The Romantic Era

Topics: Romanticism, Romantic music, Ludwig van Beethoven Pages: 2 (523 words) Published: September 1, 2008
Everyone in this society has his or her own definition of the word “romantic.” The word gives off the notion of “sentiment and sentimentality, a visionary or idealistic lack of reality. It connotes fantasy and fiction. It has been associated with different times and with distant places: the island of Bali, the world of the Arabian Nights, the age of the troubadours and even Manhattan.”(Kreis) Romanticism is used all over the world as it relates to many different things. From advertisements in stores to billboards all over the country there is some sort of display of romanticism in everything. Advertisements that show jewelry stores, make up, and even things as simple as brands of gum are some examples of where romanticism is used in everyday life.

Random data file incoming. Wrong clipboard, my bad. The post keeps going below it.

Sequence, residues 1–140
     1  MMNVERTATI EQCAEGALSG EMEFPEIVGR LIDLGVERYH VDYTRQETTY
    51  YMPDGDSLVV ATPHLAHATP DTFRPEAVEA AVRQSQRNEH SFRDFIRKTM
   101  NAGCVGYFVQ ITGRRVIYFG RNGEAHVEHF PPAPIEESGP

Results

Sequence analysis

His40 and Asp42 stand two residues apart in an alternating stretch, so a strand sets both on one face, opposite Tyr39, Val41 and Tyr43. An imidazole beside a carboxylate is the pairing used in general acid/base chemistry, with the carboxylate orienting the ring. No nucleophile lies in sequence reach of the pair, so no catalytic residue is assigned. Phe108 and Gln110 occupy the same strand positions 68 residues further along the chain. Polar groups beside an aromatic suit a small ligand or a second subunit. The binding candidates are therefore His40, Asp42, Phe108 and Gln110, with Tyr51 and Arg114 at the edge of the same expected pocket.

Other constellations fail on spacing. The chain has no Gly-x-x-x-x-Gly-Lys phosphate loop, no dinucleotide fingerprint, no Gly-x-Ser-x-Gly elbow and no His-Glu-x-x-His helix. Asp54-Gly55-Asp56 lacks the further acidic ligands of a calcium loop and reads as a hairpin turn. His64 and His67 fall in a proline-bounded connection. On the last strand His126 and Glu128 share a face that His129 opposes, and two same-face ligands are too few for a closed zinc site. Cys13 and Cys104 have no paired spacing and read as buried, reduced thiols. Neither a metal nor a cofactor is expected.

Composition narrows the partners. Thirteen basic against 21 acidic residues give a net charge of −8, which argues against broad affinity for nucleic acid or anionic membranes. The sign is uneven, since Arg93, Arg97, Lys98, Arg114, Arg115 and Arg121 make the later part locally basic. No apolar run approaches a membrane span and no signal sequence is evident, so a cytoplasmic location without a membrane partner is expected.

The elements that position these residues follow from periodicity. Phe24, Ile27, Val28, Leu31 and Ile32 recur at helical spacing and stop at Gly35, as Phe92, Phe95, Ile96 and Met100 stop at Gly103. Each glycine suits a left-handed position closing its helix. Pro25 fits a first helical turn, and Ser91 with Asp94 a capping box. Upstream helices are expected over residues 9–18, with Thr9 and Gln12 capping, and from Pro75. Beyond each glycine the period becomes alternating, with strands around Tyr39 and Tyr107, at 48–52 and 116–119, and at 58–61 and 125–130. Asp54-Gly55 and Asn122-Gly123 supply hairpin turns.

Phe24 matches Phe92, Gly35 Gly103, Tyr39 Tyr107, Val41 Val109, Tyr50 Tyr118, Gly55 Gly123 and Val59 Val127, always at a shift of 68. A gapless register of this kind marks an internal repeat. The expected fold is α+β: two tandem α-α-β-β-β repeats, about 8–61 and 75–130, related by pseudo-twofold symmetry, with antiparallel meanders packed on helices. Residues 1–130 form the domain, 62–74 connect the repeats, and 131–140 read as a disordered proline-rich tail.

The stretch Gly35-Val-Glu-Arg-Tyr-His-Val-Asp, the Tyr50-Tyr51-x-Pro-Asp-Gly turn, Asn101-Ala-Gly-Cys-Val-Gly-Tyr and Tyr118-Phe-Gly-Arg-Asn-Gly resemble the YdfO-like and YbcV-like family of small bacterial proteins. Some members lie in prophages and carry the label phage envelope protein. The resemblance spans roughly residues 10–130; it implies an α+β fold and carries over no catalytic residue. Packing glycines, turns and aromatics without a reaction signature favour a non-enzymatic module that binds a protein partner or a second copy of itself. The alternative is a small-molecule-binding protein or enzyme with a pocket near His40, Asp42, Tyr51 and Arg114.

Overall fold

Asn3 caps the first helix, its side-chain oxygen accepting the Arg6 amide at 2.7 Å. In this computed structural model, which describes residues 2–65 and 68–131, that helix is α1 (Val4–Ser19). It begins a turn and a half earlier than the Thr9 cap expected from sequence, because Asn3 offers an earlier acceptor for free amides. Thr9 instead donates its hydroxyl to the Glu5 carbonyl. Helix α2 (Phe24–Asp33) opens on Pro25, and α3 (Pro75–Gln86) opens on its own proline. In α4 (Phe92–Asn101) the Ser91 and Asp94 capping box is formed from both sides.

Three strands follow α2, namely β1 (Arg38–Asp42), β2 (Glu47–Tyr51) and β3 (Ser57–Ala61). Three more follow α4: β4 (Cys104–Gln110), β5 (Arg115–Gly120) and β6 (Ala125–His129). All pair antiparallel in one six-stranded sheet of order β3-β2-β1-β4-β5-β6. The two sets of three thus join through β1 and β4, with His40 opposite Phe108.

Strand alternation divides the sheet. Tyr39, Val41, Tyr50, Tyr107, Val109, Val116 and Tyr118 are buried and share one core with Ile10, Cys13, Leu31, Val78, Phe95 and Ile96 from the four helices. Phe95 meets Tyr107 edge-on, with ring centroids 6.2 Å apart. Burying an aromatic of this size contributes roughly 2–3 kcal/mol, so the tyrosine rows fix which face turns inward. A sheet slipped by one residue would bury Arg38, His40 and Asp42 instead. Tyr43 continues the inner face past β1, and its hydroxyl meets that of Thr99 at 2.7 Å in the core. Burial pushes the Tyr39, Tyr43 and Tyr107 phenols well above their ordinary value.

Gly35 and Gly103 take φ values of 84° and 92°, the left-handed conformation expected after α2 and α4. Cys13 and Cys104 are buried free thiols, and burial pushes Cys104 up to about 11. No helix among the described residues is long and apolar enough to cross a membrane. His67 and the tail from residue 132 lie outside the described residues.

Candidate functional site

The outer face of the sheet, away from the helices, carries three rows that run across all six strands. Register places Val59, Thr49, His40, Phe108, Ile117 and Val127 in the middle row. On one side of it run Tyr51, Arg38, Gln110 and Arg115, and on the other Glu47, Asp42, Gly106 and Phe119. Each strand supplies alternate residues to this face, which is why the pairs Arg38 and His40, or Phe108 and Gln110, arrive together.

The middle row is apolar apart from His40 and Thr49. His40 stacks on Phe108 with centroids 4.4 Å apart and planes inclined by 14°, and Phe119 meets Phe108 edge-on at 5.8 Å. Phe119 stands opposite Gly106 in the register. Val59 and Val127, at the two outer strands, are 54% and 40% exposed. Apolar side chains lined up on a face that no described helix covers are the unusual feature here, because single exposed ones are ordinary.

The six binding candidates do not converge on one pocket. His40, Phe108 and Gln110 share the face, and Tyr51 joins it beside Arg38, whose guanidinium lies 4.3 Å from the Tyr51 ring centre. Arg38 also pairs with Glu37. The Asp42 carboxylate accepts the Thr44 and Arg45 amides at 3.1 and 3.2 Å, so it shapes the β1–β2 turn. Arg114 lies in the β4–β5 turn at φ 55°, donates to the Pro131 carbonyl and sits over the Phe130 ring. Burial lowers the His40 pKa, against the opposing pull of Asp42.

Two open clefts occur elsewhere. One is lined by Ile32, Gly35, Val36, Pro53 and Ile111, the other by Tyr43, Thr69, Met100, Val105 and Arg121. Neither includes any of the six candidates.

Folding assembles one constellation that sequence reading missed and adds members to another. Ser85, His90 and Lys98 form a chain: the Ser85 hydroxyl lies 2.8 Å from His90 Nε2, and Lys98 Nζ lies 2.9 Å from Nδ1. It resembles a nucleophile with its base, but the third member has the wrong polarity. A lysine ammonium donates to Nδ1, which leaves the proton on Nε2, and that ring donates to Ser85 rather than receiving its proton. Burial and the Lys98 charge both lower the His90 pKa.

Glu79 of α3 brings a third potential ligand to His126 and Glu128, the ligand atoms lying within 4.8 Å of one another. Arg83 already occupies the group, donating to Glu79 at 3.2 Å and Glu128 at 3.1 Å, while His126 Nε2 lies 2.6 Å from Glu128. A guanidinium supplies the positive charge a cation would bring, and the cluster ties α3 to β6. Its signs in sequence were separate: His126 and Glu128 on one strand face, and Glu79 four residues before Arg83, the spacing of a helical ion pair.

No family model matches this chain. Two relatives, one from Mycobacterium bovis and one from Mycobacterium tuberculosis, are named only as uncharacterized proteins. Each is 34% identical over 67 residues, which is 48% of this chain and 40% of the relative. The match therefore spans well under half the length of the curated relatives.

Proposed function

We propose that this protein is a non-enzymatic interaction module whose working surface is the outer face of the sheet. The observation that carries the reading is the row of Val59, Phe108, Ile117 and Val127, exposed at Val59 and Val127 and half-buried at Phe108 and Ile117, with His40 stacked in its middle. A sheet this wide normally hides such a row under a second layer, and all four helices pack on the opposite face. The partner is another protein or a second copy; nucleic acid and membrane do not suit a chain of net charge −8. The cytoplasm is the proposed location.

“The Romantic era was a time of great change and emancipation. While the Classical era had strict laws of balance and restraint, the Romantic era moved away from that by allowing artistic freedom, experimentation, and creativity. The music of this time period was very expressive, and melody became the dominant feature. Composers even used this expressive means to display nationalism. This became a driving force in the late Romantic period, as composers used elements of folk music to express their cultural identity.”( Throughout history there has been disputes about the real meaning of what romantic really means. Does it have full meaning when someone says “a romantic, candle lit dinner”? or if someone says that watching the sunset was “a romantic setting”? No one really knows the actual meaning of the word. “But literary historians and critics as well as European historians have been quarreling over the meaning of the word Romanticism for decades, as Lovejoy's comment above makes abundantly clear. One of the problems is that the Romantics were liberals and conservatives, revolutionaries and reactionaries. Some were preoccupied with God, others were atheistic to the core. Some began...
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